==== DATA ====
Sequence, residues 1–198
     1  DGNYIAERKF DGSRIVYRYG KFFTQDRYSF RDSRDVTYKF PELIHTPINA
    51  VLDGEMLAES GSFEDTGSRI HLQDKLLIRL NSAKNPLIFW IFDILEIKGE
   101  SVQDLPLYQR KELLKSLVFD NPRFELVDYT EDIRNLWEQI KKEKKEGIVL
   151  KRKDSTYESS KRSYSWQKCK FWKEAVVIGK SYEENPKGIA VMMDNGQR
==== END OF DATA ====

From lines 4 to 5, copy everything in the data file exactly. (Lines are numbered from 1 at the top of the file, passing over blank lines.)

   101  SVQDLPLYQR KELLKSLVFD NPRFELVDYT EDIRNLWEQI KKEKKEGIVL
   151  KRKDSTYESS KRSYSWQKCK FWKEAVVIGK SYEENPKGIA VMMDNGQR